Quite often, when a reference is made to the prayer life of Jesus, the focus is usually on the “Lord’s Prayer.” (Mt 6:5-15). However, that is just the tip of the iceberg.
This practice of Jesus goes far beyond the Lord’s prayer. In fact, the Lord’s prayer is not about the prayer of the Lord at all. It is more of a model prayer for the disciples.
Jesus said to them, when you pray, say, our father who art in heaven and so on. Interestingly though, Jesus’ prayer in John 17, commonly referred to as the “high priestly” prayer, is an actual prayer of Jesus that John records.
It seems evident from the scriptures that the primary ministry of Jesus, while He was on the earth, was prayer.
It appears that He occasionally would come away from praying to carry out some tasks assigned to Him by the Father, and immediately after completing the job, He would go right back into prayer.
However, while it is easier to have the overall impression that His focus was preaching, teaching, and healing, nonetheless, more of His time was spent with His Father in prayer than may appear from a casual glance at the scriptures.
The quantity and quality of His prayer life are uniquely unmatched in history. It is apparent from the way He prayed that He clearly understood that His success in ministry and the fulfilment of His divine mandate solely depended on prayer.
Rightly so, we will later examine the value of prayer as He confronted the forces of darkness in the garden of Gethsemane.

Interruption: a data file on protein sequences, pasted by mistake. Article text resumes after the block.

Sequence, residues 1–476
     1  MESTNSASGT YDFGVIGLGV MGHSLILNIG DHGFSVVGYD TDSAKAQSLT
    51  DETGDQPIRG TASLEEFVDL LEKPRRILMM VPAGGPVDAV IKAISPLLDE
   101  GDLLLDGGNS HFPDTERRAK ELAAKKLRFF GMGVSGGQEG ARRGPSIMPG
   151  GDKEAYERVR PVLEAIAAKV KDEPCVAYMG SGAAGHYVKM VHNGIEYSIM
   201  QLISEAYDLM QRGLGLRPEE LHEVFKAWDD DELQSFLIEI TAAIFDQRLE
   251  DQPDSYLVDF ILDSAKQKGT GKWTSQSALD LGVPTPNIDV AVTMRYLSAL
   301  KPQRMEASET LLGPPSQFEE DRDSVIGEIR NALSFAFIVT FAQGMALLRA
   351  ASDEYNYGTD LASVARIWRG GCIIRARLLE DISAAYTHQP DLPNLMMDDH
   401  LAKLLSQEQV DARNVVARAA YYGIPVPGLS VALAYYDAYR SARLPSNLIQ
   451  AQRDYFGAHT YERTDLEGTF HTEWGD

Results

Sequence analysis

Undoubtedly, He understood the actual value of prayer, its importance to personal development, and the fulfilment of the purpose of God for our lives and the establishment of the Kingdom of God on the earth.
Jesus did nothing outside of the Father’s will and purpose. In several places in the gospel of John, Jesus made it clear that He is not operating out of His own initiative but rather in collaboration with the Father’s will and purpose.
John discloses in John 5:19-20, “Then Jesus answered and said to them, “Most assuredly, I say to you, the Son can do nothing of Himself, but what He sees the Father do; for whatever He does, the Son also does in like manner.
For the Father loves the Son and shows Him all things that He Himself does; and He will show Him greater works than these, that you may marvel.”
Further, in John 12:49-50: Jesus made a fascinating statement, “I don’t speak on my own authority. The Father who sent me has commanded me what to say and how to say it.
And I know his commands lead to eternal life, so I say whatever the Father tells me to say.” Based on what He said, we observed the integral integration between Himself and the Father.
The relationship between the two and the Holy Spirit, who facilitate the integration, is uniquely intense and humanly unimaginable. For example, in John 10:30, Jesus said, “The Father and I are one.” (Not a reference to singularity).
Again, in John 6:63, Jesus said, “The Spirit alone gives eternal life. Human effort accomplishes nothing. And the very words I have spoken to you are spirit and life.”
In other words, Jesus is saying that the words He speaks are from the Spirit, and they produce eternal life. This is what I call the cycle of prayer.
From the heart of the Father to the Holy Spirit, then to the heart of Jesus, and back to the Father. He prays back to the Father what He receives from the Father through the Holy Spirit.
This concept enables Him to be effective and successful in ministry and to have all His prayers answered because they are done in accordance with the will of the Father.
Jesus always has His prayers answered by the Father as it is in line with the purpose of God. The Lord is not obligated to answer a prayer not in line with His purpose.
James 4:3 “And even when you ask, you don’t get it because your motives are all wrong—you want only what will give you pleasure.”